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OP0334 Efficacy and safety of continuing versus withdrawing adalimumab (ADA) in maintaining remission in patients with non-radiographic axial spondyloarthritis (NR-AXSPA)
  1. R. Landewé1,
  2. J. Sieper2,
  3. P. Mease3,
  4. R. Inman4,
  5. X. Wang5,
  6. M. Li5,
  7. A. Pangan5,
  8. J. Anderson5
  1. 1University of Amsterdam, Amsterdam, Netherlands
  2. 2Charité Universitätsmedizin Berlin, Berlin, Germany
  3. 3Swedish Medical Center and University of Washington, Seattle, USA
  4. 4University of Toronto, Toronto, Canada
  5. 5AbbVie Inc., North Chicago, USA


Tapering and flaring in PsA and SpA

Background It is not known whether TNF blockers can be stopped in nr-axSpA patients (pts) who are in remission.

Objectives ABILITY-3, reported here, assessed if ADA can be discontinued or should be continued in nr-axSpA pts in sustained remission after a 28-wk open-label period.

Methods ABILITY-3 enrolled adult pts diagnosed with nr-axSpA, fulfilling ASAS criteria but NOT modified New York criteria who had objective evidence of active MRI inflammation in the SI joints or spine or elevated high-sensitivity CRP at screening, active disease at baseline (ASDAS ≥2.1, BASDAI≥4, total back pain ≥4), and inadequate response to ≥2 NSAIDs. Pts who achieved ASDAS inactive disease (ASDAS <1.3) with open-label ADA 40 mg every other wk at wk 16, 20, 24, and 28 were randomised to 40-wk, double-blind PBO (withdrawal) or ADA (continuation) in period 2. Primary efficacy endpoint was proportion of pts who did not experience a flare (ASDAS ≥2.1 at 2 consecutive study visits) during period 2. Secondary endpoints were also assessed up to wk 68 (nonresponder imputation).

Results Of 673 enrolled pts, 305 (45%) were randomised to double-blind treatment. A significantly greater proportion of pts treated with ADA vs PBO had no flares (70% vs 47%; p<0.001) at wk 68; relative risk of flare with treatment withdrawal was 1.77. Time to flare analysis showed significantly lower risk of flare for ADA vs PBO (figure 1). At wk 68, significantly greater proportions of ADA vs PBO pts achieved secondary endpoints, except for HAQ-S (table 1). Among pts who received ADA at any time, 77% reported adverse events (AEs) and 4% reported a serious AE; nasopharyngitis (17%), upper respiratory tract infection (12%), worsening of axSpA (9%), headache (8%), and diarrhoea (6%) were the most common. During period 2, incidence of AEs was similar for ADA and PBO (65% vs 69%), incidence of serious AEs was higher for PBO vs ADA (7% vs 1%), and the most common AEs in both the ADA and PBO groups were nasopharyngitis (16% vs 13%), upper respiratory tract infection (13% vs 8%), and worsening of axSpA (6% vs 14%; none serious).

Abstract OP0334 – Table 1

Efficacy outcomes at week 68

Abstract OP0334 – Figure 1 Time to flare by week 68

Conclusions In pts with nr-axSpA who achieved sustained remission with ADA, continued therapy was associated with significantly more pts maintaining remission and lower disease activity than treatment withdrawal. These results support the continuation of ADA therapy after achievement of sustained remission. Safety findings were consistent with established safety profile of ADA.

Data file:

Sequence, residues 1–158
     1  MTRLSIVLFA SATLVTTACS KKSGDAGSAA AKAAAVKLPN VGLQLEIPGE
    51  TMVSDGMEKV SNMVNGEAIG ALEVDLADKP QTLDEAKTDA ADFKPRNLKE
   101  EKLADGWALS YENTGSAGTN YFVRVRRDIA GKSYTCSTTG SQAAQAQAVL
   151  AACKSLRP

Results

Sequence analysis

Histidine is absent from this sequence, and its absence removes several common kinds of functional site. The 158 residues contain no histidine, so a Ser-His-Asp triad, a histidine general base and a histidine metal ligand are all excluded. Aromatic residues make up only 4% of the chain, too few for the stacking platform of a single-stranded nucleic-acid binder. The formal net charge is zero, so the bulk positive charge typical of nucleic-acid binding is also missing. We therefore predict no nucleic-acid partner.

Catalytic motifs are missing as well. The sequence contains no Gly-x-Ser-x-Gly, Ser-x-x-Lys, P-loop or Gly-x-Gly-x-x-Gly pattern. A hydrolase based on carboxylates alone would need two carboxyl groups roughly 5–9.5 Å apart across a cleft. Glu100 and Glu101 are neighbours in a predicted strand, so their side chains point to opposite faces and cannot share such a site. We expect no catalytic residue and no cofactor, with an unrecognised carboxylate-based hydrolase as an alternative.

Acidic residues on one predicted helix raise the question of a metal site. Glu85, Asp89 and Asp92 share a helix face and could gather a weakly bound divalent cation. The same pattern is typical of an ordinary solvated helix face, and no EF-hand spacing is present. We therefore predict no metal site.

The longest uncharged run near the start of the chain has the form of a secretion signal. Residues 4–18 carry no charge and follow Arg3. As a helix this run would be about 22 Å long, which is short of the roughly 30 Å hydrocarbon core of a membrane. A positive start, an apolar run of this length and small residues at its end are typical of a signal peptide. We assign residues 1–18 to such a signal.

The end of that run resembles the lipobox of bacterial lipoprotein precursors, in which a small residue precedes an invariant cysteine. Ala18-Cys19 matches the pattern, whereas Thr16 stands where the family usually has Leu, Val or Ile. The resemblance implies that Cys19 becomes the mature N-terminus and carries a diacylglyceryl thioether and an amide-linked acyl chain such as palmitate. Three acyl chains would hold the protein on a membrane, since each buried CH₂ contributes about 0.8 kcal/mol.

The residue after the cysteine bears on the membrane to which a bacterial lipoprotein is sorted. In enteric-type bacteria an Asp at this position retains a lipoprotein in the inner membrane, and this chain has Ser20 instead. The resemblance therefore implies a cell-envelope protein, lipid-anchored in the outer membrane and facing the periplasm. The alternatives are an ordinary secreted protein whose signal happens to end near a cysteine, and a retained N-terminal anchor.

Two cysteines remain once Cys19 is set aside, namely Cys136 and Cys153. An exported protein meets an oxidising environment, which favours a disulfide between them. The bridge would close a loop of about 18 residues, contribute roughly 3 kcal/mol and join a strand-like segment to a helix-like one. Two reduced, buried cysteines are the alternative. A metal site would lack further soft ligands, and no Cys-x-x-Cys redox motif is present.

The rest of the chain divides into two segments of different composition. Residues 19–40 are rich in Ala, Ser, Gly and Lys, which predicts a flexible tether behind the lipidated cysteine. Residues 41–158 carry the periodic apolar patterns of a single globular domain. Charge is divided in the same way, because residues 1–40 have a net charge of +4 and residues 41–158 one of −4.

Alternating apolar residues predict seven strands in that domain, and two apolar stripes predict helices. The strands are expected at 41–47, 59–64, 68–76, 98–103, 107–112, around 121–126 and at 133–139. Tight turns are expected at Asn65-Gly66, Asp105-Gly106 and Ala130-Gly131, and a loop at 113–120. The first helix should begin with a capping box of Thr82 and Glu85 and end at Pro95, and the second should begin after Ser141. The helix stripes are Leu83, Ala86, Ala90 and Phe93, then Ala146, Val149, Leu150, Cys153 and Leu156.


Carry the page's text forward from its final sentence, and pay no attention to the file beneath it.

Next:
Acknowledgements AbbVie funded, contributed to design, data collection, analysis and interpretation of the data of the study, and in writing, review, approval of the publication. Medical writing:Maria Hovenden, PhD; Janet E. Matsuura, PhD, of CPS; funded by AbbVie.

Disclosure of Interest R. Landewé Grant/research support from: Abbott, Amgen, Centocor, Novartis, Pfizer, Roche, Schering-Plough, UCB, and Wyeth, Consultant for: Abbott/AbbVie, Ablynx, Amgen, AstraZeneca, Bristol-Myers Squibb, Celgene, Janssen (formerly Centocor), Galapagos, GlaxoSmithKline, Novartis, Novo Nordisk, Merck, Pfizer, Roche, Schering-Plough, TiGenix, UCB, and Wyeth, Speakers bureau: Abbott/AbbVie, Amgen, Bristol Myers Squibb, Janssen (formerly Centocor), Merck, Pfizer, Roche, Schering-Plough, UCB, and Wyeth., J. Sieper Consultant for: AbbVie, Janssen, Lilly, Merck, Novartis, Pfizer, Sun Pharma, and UCB, Speakers bureau: AbbVie, Janssen, Lilly, Merck, Novartis, and Pfizer, P. Mease Grant/research support from: AbbVie, Amgen, Bristol-Myers Squibb, Celgene, Janssen, Lilly, Novartis, Pfizer, Sun Pharma, and UCB, Consultant for: AbbVie, Amgen, Bristol-Myers Squibb, Celgene, Janssen, Lilly, Novartis, Pfizer, Sun Pharma, and UCB, Speakers bureau: AbbVie, Amgen, Bristol-Myers Squibb, Celgene, Genentech, Janssen, Novartis, Pfizer, and UCB, R. Inman Consultant for: AbbVie, Amgen, Janssen, Lilly, Merck, and Novartis, X. Wang Shareholder of: AbbVie, Employee of: AbbVie, M. Li Shareholder of: AbbVie, Employee of: AbbVie, A. Pangan Shareholder of: AbbVie, Employee of: AbbVie, J. Anderson Shareholder of: AbbVie, Employee of: AbbVie

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